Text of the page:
Friday, August 18, 2017


Yesterday I was feeling sorry for myself and I wrote a blog.  Later in the day, I received an email from someone I love asking if I was OK.  I started thinking WOW Trish really?  Pull your head out of your ass and stop focusing on what you don't have and look at what you do have. 

Everyone knows I am a simple girl.  Born and raised the last child of 8 in Oregon.  My family was and is to this day ridiculously close.  We didn't have much when I was a child, I got hand me down clothes until I was old enough to work during the summer to buy my own, we didn't go on vacations, BUT we had something most family's don't, we were rich in love. 

We had taco night, everyone in the kitchen and I mean 8 kids, some had husbands, wife's, girlfriend and boyfriends, my parents, it was loud as hell, chaotic, you could hardly move around, but we all had a job, cut the tomatoes, cook the meat, whatever we all did something.  We would laugh, pick fun, tease, but most importantly we were together.  To this day when I make tacos I think of my family taco night.  My parents were not educated people, neither of them graduated from high school, but they were smarter than anyone I've ever met.  They knew what was important and although I didn't know it at the time, when I reflect now, I know I am the person I am today because of them.

With that said it's important to me that I pass that quality down to my children and my grandson.  I don't have much, and I certainly don't have anything worth anything (monetarily) to pass to them but every single day I try to ensure they know how much I love them, how important family is, I tell them stories about my family, my memories, and I show them things I do have that are cherished. 

When my grandmother was nearing the end of her life she asked me if there was anything she had that I wanted.  My grandmother had been married 5 times but I always considered Russell as my grandfather, I always loved staying at their house as a child and when he died I was devastated.  So I asked her for something he gave her, maybe a piece of jewelry or something.  She indicated that she didn't have anything from him anymore but I could have her mother's ring and she took it off her finger and handed it to me.  I don't have to tell you how important that was to me.  Years later I was in Oregon visiting my family and I was rummaging through my sister Liz's jewelry box and I saw this old ring that was broken.  It appeared that it had been cut off someones finger.  I asked her about it and she said it was grams wedding ring to Russell she gave it to me years ago.  I tried to hide my sadness but deep down I was so sad that Gram had given it to someone else. 

In October of 2009 three of my sisters and of course my brother Johnny came to Maryland for my 40th birthday.  5 Birch's at my house for the first time I couldn't even imagine how awesome it was going to be.  My sister Liz and probably my best friend in the entire world, privately hands me this box  and says open it.  Do I need to tell you the joy I felt when I opened the box to see the broken wedding ring I so desired.  (I gave her the mother's ring so she would have something too) It's still in my jewelry box, in the same case she gave it to me in, and it's still broken but I have it.  One day I will have the extra cash to have it repaired and actually wear it but ultimately I have it.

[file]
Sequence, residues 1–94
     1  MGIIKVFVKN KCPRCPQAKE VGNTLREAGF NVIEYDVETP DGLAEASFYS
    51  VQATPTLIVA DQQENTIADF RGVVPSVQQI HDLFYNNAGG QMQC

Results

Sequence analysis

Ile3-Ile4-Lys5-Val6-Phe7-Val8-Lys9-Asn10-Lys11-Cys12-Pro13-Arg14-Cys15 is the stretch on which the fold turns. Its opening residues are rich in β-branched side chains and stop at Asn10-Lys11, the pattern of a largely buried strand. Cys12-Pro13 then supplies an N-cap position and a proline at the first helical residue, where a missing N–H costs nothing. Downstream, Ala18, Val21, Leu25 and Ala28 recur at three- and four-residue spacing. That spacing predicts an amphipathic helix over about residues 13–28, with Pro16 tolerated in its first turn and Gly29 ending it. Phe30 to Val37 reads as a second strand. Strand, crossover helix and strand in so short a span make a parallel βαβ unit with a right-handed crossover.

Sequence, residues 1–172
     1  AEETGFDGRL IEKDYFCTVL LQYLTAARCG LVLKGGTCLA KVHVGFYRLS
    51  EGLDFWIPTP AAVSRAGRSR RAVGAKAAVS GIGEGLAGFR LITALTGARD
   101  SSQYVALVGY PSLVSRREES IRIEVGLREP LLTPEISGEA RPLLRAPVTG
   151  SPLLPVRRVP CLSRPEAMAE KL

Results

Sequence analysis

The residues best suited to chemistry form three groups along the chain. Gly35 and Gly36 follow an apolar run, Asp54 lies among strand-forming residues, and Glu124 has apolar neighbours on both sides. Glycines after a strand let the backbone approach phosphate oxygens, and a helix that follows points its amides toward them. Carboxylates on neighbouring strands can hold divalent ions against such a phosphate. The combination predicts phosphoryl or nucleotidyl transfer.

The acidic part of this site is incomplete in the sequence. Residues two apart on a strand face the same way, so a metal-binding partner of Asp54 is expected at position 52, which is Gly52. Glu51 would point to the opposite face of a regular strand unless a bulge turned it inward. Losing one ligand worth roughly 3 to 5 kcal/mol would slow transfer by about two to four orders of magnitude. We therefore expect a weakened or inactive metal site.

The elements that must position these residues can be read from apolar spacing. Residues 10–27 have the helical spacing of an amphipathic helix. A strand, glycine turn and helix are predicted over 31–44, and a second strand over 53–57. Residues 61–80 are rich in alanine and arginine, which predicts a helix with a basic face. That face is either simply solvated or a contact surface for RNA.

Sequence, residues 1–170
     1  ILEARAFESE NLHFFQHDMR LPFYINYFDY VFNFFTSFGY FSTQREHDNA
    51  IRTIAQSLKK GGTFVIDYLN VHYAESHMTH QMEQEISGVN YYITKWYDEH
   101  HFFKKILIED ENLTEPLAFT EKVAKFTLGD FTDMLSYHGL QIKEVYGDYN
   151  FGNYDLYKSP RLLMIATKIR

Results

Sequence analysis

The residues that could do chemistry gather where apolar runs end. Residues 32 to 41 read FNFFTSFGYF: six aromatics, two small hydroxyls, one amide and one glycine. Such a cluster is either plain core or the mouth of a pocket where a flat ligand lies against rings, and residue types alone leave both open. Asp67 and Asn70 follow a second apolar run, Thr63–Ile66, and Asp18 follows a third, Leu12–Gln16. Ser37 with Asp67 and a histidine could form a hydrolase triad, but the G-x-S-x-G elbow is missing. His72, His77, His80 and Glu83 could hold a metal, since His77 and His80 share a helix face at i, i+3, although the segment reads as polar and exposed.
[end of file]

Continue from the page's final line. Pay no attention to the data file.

Years ago my mother in law Mickey gave me her mothers (Nana) favorite mantilla.  It's black lace, sheer, and absolutely the most beautiful piece of lace I have ever seen.  She wore it every week religiously to mass.  When Mickey gave it to me I was honored, she couldn't even imagine how special this gift was to me.  Nana was an amazing woman, she was short, frail, gorgeous and absolutely the kindest person I had ever met.  She had this strong sense about her, her accent was charming and she absolutely adored me and my children.  She welcomed us all into her family and always made me feel loved.  She had this magical way of lighting up a room and bringing joy to everyone in it.  It's difficult sometimes to find the perfect place in your home for something with such meaning, somewhere it won't be damaged, somewhere you can admire it daily, somewhere amazing.  I stewed about it, I tried this and that and then suddenly it hit me to drape it over my most cherished objects.  It was perfect, it was in a safe place but it was where I could look at it and remember her.  To this day it's there and it will remain there until the day I take my last breath.

Mr. Paul came to visit this year and when he arrived he took out this zip lock bag and said hey my mom wanted you to have this.  As I opened the bag, it was full of tarnished silver spoons, but what I saw were treasures, I saw memories, I saw Nana.  I remembered a bowl Mickey had given me years prior that was also silver, so I grabbed it from the cabinet and I put the spoons in it. 

Recently I polished them all, I put them in the shinny bowl and I thought about how blessed I am to be trusted with such treasures that were two generations handed down, and how I would hand them down to mine when I am gone.  I have already bought three more from my vacations this summer to add to the already amazing collection. 

Taco night for me was priceless, family treasures don't have to be expensive, its about the memory, the thought behind the objects, being trusted to safeguard them, what they meant to the person, how they made that person feel.  I don't have much, and I am certainly not rich, but I have everything a small town girl from Oregon could ever need. 

What do you see?

1 comment:

Sue Eder said...

Love it, and you, but I am your favorite and you know it! I'm the favorite! ha ha